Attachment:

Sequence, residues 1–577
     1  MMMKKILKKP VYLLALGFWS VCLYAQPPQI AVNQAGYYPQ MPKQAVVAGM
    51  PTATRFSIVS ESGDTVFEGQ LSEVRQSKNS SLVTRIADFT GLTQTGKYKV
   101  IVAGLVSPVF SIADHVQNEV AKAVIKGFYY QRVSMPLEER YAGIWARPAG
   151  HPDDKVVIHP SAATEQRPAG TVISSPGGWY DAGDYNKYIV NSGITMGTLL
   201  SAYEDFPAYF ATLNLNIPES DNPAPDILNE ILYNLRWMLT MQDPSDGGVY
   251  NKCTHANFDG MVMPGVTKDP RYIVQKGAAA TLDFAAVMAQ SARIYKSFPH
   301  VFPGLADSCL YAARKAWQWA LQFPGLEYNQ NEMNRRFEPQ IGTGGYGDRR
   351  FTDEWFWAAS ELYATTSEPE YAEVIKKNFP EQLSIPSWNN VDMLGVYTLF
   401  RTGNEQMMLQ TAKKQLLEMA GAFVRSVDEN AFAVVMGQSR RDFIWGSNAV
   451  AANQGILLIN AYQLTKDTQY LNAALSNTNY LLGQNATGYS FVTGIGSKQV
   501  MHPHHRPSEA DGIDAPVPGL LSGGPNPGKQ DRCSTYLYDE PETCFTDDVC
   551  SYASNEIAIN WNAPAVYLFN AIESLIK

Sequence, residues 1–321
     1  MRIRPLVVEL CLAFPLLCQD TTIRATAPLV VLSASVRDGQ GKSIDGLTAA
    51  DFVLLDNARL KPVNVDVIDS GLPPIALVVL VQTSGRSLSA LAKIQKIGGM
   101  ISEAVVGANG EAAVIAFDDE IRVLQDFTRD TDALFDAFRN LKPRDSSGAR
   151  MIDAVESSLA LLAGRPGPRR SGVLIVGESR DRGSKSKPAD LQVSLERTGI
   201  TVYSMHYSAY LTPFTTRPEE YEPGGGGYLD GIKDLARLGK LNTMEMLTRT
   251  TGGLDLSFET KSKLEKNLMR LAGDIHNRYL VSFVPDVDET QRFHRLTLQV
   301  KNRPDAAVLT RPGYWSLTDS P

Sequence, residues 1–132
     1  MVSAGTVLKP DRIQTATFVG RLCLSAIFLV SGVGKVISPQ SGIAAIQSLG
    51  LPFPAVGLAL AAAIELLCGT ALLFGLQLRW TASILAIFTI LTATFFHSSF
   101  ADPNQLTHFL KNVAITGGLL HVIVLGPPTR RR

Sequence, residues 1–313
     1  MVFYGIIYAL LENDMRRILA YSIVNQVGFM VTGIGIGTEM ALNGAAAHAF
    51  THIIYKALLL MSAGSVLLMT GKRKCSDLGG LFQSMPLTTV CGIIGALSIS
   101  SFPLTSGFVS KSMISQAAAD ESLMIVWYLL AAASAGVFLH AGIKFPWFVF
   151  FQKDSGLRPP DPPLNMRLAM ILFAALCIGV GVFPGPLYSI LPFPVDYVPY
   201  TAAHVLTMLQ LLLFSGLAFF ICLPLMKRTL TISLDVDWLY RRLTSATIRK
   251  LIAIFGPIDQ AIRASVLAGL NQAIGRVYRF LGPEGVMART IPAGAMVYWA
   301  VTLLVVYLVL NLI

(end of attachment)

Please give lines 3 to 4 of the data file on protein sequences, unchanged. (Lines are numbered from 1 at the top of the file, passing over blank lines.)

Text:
    51  PTATRFSIVS ESGDTVFEGQ LSEVRQSKNS SLVTRIADFT GLTQTGKYKV
   101  IVAGLVSPVF SIADHVQNEV AKAVIKGFYY QRVSMPLEER YAGIWARPAG